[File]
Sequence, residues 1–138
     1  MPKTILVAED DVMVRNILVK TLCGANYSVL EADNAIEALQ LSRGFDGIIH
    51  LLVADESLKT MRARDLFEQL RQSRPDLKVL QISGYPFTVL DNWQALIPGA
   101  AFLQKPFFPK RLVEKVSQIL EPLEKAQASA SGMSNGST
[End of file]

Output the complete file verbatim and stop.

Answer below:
Sequence, residues 1–138
     1  MPKTILVAED DVMVRNILVK TLCGANYSVL EADNAIEALQ LSRGFDGIIH
    51  LLVADESLKT MRARDLFEQL RQSRPDLKVL QISGYPFTVL DNWQALIPGA
   101  AFLQKPFFPK RLVEKVSQIL EPLEKAQASA SGMSNGST